HAARP research facility is a high power high- frequency radio transmitter with the capability of rapidly steering a narrow beam of energy toward a designated region of the sky. Similar, though less capable, research facilities exist today at many locations throughout the world and are operated routinely for the purpose of scientific investigation of the ionosphere. In the US such systems are located at ARECIBO, PUERTO RICO (NATIONAL ASTRONOMY AND IONOSPHERE CENTER) and Fairbanks, Alaska. Other installations are at Tromso, Norway; Moscow, Nizhny Novgorod and Apatity, Russia; Kharkov, Ukraine and Dushanbe, Tadzhikistan. None of these existing systems, however, have the combination of frequency capability and beam steering agility required to perform the experiments planned for HAARP
Can create earthquakes, tornadoes, hurricanes, tsunamis, jam all global communications, disrupt weather systems, interfere with migration patterns, disrupt human mental processes, negatively affect your health and disrupt the upper atmosphere.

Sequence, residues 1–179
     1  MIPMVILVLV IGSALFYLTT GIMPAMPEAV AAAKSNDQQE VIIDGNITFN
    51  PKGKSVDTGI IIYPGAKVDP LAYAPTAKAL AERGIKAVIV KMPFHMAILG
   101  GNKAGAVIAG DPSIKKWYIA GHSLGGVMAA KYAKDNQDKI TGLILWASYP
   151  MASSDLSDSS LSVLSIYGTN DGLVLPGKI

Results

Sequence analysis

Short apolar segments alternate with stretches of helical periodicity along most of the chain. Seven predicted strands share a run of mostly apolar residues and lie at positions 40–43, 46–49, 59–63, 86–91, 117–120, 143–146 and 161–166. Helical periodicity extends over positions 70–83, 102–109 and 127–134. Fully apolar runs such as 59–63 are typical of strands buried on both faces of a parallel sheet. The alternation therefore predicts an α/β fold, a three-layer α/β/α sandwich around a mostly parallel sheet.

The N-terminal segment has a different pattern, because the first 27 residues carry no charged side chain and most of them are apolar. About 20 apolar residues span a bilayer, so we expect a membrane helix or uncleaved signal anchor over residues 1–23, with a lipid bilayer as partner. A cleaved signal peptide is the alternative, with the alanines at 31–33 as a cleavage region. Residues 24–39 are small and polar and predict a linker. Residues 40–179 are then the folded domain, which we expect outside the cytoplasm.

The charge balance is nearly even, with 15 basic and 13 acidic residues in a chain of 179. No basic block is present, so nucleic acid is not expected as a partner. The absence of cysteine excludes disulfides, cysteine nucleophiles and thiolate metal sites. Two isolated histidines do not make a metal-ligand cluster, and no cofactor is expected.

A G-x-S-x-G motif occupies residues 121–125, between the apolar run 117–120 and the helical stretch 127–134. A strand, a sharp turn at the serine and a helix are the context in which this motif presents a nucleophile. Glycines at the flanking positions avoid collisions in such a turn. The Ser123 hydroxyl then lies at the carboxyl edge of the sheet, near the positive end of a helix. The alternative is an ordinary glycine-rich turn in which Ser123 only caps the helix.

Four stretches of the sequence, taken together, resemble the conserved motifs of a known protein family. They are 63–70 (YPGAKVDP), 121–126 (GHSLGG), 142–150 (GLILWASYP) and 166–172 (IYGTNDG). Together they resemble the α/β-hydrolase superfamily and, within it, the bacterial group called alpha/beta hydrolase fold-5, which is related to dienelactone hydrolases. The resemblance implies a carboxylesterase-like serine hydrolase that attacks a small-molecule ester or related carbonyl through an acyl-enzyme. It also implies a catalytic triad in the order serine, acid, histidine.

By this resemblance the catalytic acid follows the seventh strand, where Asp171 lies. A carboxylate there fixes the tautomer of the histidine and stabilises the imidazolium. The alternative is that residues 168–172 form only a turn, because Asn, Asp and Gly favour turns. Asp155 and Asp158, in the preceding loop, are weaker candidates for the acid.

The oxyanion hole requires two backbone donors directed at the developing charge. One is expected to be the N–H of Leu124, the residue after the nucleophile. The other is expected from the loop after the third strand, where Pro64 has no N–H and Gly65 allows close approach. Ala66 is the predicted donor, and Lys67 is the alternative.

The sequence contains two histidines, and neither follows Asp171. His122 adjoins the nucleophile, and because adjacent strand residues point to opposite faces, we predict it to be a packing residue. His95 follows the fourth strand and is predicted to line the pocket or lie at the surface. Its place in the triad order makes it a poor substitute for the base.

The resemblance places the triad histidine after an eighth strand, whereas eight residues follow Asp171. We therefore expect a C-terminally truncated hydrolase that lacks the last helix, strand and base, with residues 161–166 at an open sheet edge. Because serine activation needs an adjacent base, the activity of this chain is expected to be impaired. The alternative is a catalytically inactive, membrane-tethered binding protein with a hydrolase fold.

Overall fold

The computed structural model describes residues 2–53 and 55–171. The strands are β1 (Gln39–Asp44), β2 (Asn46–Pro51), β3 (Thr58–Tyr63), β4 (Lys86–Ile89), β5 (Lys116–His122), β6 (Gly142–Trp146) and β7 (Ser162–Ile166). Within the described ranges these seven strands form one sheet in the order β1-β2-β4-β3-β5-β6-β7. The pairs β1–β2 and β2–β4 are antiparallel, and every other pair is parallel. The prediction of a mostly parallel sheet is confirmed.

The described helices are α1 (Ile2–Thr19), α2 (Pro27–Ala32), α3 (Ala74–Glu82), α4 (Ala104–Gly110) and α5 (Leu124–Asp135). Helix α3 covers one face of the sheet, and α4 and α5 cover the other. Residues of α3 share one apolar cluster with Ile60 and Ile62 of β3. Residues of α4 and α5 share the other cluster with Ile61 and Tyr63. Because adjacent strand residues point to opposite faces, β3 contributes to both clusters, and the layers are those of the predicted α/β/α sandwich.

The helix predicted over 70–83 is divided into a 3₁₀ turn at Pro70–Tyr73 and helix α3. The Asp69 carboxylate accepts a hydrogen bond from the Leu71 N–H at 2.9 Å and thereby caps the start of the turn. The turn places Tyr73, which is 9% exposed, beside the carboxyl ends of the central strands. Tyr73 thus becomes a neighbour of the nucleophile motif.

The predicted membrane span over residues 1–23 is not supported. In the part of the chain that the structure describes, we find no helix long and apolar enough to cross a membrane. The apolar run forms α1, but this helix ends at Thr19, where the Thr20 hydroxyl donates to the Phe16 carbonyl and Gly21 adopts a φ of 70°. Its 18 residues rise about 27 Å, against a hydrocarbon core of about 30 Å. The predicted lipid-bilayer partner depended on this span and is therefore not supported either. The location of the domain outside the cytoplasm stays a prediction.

Puerto Rico Invisible Health Crisis
The island of Vieques has some of the highest sickness rates in the Caribbean. Is the U.S. Navy responsible?
The US imposed a military government on Puerto Rico a century ago when it was seized from the Spanish. The island of Vieques (40 miles off the coast, population 5,500) has been used for target practice by the US military for the last 60 years from 1941 until 2003 . Since 1980 it has been used for test firing of depleted uranium munitions, chemical contaminants have found their way into ground water, local crabs have 20 times the normal levels of heavy metals, cancer rates amongst the island’s population is twice the national average.